Buzzword bingo and a fantasy literature reference all in one title? It’s almost too good to be true.
Thesis: Gamification is the Best Solution for Master User Identity Management
Gamification, and the creation of a separate and unique master user identity, provides the enterprise with the engine to connect a single individual’s entire portfolio of online identities.
Many marketers and professionals might follow such a bold statement with a series of assertions and opinions from gurus–I’m going to follow it with a problem statement and a Lord of the Rings analogy.
Master User Identity Management is a Serious Problem
The explosion of the web had an evolutionary impact on the way that an individual can interact with a brand. As a social media manager, and an optimist, I strongly believe this to be a lasting and positive impact. This positive evolution is not without its problems.
One of the largest of these problems involves Master User Identity Management. The term itself is long and unwieldy and simply aims to name a simple issue: there are too many of you. I use this not as the plural “you all” but as the singular and unique “you.” If your online self looks anything like me, you probably have at least:
Notice the issue? There are at least 5 different digital representations of me (or you). Luckily there is only one person with my name in the world–pretty cool–but what if my name was John Doe? Or Matt Smith? Good luck figuring out which of these pages actually belong to the digital me.
Gamification is the Solution to this Problem
“One Ring to rule them all, One Ring to find them,
One Ring to bring them all and in the darkness bind them”
What does a ring have to do with this?
Gamification is your one ring to rule them all. Ignore the fact that you have (at least) 5 different online identities–or the fact that every one of your audience members does too–and put your faith in the One Ring.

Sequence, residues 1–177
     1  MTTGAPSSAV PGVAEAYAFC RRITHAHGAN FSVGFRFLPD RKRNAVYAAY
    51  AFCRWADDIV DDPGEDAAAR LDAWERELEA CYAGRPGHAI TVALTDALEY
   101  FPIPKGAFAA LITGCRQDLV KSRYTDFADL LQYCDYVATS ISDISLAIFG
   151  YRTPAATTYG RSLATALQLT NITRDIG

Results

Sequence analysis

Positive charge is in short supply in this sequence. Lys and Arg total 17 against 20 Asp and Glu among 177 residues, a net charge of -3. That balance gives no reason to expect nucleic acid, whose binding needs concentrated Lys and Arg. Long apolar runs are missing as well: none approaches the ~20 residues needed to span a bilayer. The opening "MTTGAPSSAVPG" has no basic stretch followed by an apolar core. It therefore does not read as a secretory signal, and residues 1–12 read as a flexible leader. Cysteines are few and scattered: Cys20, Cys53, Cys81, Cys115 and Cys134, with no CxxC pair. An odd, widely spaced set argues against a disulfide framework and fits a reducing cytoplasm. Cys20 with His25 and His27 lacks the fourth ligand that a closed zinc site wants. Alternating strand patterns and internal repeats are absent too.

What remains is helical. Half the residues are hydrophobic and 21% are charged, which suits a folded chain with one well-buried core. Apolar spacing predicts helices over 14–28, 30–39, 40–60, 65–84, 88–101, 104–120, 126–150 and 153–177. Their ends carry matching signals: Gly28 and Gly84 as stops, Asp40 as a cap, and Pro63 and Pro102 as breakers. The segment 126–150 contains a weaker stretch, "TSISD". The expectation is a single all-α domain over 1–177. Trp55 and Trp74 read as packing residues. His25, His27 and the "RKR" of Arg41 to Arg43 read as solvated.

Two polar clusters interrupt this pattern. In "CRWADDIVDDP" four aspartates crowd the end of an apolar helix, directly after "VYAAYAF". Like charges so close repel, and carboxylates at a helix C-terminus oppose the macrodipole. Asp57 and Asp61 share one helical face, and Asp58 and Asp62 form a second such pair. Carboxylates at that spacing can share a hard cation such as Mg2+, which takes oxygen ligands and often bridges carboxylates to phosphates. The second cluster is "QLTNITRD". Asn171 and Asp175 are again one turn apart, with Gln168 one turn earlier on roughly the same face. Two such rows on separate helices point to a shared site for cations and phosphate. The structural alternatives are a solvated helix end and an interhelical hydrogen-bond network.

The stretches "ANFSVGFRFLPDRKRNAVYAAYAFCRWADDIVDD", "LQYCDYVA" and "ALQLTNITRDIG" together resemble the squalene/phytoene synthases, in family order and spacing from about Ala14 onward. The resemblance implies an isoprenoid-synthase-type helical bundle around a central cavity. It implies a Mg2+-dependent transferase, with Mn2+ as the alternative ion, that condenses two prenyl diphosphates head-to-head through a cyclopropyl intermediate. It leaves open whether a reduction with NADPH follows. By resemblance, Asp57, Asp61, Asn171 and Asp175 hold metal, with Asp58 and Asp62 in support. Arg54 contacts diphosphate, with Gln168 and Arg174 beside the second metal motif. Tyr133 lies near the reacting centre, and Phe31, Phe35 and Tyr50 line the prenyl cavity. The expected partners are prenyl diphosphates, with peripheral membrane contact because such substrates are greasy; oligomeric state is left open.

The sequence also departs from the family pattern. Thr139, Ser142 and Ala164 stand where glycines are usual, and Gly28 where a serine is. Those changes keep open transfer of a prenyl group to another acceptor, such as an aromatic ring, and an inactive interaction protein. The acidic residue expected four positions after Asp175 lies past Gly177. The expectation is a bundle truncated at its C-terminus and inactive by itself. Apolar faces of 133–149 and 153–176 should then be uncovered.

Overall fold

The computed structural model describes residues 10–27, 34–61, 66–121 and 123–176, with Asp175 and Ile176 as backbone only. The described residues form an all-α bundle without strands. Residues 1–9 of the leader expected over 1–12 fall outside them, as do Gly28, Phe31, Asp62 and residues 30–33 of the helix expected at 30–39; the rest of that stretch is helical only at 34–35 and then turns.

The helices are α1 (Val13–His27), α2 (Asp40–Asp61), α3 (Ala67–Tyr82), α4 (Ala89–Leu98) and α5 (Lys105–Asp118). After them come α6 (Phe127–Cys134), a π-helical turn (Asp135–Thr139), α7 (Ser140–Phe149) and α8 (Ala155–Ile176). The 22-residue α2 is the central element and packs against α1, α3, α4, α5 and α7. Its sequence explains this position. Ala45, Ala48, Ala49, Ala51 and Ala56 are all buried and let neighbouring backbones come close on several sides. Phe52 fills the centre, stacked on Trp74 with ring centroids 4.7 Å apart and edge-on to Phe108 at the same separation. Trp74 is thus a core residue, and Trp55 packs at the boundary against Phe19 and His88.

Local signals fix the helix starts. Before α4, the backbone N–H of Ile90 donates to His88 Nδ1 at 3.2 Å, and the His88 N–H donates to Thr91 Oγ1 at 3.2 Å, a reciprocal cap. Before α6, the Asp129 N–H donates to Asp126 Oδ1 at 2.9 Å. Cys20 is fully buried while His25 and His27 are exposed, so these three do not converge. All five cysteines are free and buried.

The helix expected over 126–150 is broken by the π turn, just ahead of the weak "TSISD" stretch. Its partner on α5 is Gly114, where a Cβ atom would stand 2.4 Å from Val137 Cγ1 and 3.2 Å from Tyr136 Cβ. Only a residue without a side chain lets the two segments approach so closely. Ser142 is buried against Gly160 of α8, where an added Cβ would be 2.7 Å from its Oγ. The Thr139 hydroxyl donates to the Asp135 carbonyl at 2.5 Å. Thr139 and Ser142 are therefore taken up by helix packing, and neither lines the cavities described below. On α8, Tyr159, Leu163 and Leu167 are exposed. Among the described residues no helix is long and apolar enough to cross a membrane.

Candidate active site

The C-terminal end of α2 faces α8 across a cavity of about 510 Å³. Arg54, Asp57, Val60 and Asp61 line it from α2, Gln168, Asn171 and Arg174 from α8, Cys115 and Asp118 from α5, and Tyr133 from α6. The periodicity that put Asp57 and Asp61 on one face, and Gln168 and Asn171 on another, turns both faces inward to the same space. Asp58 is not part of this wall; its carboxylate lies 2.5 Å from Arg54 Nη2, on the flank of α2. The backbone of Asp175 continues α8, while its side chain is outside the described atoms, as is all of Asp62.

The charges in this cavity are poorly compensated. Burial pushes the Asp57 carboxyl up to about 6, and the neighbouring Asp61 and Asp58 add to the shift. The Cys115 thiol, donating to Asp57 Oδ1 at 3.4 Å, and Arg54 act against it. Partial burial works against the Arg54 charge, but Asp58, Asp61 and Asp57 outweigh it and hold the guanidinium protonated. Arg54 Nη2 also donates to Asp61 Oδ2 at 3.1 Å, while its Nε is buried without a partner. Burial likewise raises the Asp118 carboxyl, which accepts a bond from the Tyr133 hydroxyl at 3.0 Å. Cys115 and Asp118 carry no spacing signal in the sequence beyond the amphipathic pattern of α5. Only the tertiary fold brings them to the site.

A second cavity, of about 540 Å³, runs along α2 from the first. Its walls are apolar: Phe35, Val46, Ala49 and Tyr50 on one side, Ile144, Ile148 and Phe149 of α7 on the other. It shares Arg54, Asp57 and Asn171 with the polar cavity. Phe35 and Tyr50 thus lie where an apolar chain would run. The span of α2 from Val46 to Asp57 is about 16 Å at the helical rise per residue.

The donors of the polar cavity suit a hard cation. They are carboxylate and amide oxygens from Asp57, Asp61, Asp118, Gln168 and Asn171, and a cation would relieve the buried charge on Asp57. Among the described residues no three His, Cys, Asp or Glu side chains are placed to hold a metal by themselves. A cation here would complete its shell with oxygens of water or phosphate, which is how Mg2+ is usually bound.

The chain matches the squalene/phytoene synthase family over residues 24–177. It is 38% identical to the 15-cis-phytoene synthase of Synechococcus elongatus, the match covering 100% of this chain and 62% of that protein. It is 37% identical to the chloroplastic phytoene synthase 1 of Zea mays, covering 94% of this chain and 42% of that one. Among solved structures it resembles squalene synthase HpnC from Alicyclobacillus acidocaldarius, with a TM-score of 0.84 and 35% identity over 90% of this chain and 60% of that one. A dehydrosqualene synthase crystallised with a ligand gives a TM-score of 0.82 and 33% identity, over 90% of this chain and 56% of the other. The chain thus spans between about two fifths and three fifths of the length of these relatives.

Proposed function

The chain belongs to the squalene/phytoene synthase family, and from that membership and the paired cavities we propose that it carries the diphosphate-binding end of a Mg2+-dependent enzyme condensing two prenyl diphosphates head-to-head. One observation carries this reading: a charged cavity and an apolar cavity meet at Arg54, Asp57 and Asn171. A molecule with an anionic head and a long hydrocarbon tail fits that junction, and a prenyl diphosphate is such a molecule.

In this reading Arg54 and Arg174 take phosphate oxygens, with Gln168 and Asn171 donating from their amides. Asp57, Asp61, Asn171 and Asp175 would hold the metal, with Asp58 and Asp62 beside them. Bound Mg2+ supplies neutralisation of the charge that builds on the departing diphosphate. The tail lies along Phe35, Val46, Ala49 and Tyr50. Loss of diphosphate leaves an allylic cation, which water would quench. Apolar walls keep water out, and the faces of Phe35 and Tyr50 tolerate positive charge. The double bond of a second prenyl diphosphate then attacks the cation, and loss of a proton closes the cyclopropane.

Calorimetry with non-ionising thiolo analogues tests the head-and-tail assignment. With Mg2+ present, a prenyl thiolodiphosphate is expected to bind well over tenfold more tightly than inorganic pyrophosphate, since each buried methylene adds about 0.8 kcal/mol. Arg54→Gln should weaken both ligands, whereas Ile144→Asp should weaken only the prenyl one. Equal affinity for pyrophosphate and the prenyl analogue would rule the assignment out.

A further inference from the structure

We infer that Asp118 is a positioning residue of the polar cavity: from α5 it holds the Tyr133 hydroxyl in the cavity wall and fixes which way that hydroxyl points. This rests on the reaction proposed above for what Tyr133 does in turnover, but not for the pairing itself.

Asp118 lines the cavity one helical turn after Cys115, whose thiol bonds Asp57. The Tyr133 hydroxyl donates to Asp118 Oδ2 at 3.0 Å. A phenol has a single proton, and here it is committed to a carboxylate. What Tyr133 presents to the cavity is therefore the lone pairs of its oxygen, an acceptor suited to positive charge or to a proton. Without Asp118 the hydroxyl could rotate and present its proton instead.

In Lord of the Rings, for the 4 of you that have not read/watched it, this one ring rules over all others. Even though many rings and power exist, the One Ring connects and commands them all. The main protagonist then spends hundreds of pages–or hours of film–trying to drop it in a volcano [Spoiler alert: he does].
Gamification Unites Your Identity Kingdom
A successful deployment of enterprise gamification builds a separate and unique identity for each of your online audience members. This is not another identity but rather the master identity itself. Think of this like a social security number–a single identity to which other identities and presences can be connected. Once this master identity is built, any and all other presences can and should be attached.
Deploying this One Ring must be done in stages, and carefully:
Stage 1: Select a Gamification Partner
My advice: select a vendor that appreciates the power of a fully-connected online ecosystem. Do not select one that has the best social strategy, the best community strategy, or the best web strategy–find the one that understands that, in the eyes of your audience, you are one entity.
My employer, EMC Corporation, will soon have news on this–but I will not be breaking it here. Sorry friends.
Stage 2: Establish the Master ID System
This ID can be based on almost any factor, from email to phone number to username, or it can be randomly generated and assigned. The most stable system creates this random identifier and then attaches all others to it.
Stage 3: Launch with Limited Connections
Launching enterprise gamification is not an easy endeavor. It requires careful calculation and attention and I strongly suggest focusing on one platform for program launch. At EMC, we made the choice to launch first on our external community platform. Part of this decision depends on the point of entry for your company’s program. If you happen to be a web manager, I’ll guess you would suggest a web-first strategy, and I wouldn’t blame you. I happen to be on the social and community team, so we plan to start there [More news soon friends].
Stage 4: Take over the World